IFS LogoThe worldwide construction market is back in growth mode after climbing out of the recessionary times of just a few years ago. That growth is a welcome return to past experience, but don’t expect to see a flash back to another industry norm of the past: a reliance on document-driven processes. To capture the opportunities of today, companies involved in construction, engineering, and infrastructure projects must become more data-driven and adept at working in a digitized, model-based environment.

The evidence of industry resurgence is firm. Worldwide, the construction market is expected to grow by 3.8 percent in 2015 to reach U.S. $8.5 trillion in value, up from 3.1 percent growth in 2014, according to Timetric. Meanwhile, for the U.S. market, construction starts for 2015 will rise 9 percent to a value of $612 billion, up from 5 percent growth in 2014, according to Dodge Construction Outlook.

Construction, of course, spans multiple verticals and project types, including commercial buildings, residential housing, infrastructure projects such as railways and airports, and industry-specific projects such oil rigs or electric power plants. There may be many participants involved, including global engineering, procurement & construction (EPC) companies, pure-play construction companies, and subcontractors who specialize in areas such as electrical services, mechanical services, fabrication, or architecture. Another way of describing this broad market is the term architecture, engineering, and construction (AEC). While depending on the country, region or AEC niche, there may be relatively slower growth foreseen, overall, the industry outlook is strong. Worldwide, from 2015 through 2025, the volume of construction output will grow by more than 70 percent, according to a PwC report.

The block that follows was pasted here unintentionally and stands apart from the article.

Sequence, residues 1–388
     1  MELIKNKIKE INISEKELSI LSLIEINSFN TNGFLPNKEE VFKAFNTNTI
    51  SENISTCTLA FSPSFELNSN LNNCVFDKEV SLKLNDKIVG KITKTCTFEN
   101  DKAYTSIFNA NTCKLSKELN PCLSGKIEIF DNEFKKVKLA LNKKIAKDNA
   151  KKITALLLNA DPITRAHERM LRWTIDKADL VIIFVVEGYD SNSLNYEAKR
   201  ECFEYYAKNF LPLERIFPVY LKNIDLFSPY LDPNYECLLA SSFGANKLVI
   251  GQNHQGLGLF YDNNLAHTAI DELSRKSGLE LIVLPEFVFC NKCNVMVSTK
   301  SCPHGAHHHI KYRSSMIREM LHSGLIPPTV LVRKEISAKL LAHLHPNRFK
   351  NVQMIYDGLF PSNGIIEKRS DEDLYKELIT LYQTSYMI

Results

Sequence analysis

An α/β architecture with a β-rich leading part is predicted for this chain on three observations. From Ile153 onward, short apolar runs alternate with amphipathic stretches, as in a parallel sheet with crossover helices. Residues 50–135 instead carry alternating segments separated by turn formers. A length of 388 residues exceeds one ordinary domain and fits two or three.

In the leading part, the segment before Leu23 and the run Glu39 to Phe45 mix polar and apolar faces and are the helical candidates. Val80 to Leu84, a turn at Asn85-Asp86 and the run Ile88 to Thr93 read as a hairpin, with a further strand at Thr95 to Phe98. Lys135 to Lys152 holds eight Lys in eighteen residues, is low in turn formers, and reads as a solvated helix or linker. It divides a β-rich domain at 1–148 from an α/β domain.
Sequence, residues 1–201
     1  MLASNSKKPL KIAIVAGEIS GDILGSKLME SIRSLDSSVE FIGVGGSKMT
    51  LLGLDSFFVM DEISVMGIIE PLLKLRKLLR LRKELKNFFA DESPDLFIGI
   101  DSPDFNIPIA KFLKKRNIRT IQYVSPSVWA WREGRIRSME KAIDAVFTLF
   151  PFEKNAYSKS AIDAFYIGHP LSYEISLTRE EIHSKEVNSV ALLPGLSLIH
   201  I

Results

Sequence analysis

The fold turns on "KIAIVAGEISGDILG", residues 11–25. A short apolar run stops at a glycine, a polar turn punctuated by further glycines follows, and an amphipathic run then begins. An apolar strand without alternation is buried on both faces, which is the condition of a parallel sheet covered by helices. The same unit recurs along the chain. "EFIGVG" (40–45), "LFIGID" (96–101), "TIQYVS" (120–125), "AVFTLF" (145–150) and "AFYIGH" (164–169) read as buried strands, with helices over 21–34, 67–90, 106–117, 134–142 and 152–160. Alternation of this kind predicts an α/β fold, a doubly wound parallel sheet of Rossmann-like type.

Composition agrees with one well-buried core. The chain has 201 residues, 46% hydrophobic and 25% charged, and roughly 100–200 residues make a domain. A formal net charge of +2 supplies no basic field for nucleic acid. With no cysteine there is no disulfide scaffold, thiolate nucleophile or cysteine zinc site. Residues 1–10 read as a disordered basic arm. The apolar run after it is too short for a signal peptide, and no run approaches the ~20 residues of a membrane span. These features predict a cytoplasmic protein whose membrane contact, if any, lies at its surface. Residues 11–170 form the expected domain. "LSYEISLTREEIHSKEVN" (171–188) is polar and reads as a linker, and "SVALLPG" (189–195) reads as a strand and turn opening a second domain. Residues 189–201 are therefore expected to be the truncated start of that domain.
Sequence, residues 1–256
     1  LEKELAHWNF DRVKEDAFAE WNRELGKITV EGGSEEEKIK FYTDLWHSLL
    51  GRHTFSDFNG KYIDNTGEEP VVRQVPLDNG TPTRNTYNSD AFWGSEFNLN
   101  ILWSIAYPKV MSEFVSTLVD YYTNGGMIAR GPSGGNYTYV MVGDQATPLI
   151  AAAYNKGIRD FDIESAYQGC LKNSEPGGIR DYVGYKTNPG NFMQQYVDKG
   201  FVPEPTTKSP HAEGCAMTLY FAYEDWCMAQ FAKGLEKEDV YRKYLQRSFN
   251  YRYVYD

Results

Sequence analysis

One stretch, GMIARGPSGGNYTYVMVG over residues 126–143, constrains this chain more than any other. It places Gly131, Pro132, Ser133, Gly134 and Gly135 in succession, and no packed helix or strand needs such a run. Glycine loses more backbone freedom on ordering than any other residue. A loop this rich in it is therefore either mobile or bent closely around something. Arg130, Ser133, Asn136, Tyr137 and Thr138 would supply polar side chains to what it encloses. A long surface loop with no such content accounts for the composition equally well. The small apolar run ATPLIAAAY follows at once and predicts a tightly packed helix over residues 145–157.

This growth does not come without challenges, however. Construction projects are growing bigger, more complex, and increasingly requiring that participants be able to work within data-driven environments and interoperate with 3D digital representations of assets. This shift to data-driven methods is seen in the rapid adoption of Building Information Modeling (BIM), a collaborative approach to design and construction that leverages 3D design models and associated data as a way to better manage asset information over the entire asset lifecycle.

BIM has steadily become more mainstream among AEC companies, and in some markets, notably in the United Kingdom (U.K.) under the Government Construction Strategy, and in the European Union (EU), where procurement rules for projects may be revised, there has been movement toward making minimum levels of BIM mandatory to take part in government-funded projects. This pressure to move to a higher level of compliance is only going to intensify in the future.

In summary, the construction market has two main trends underway:

  • The return to strong growth, with some regional or vertical niche exceptions.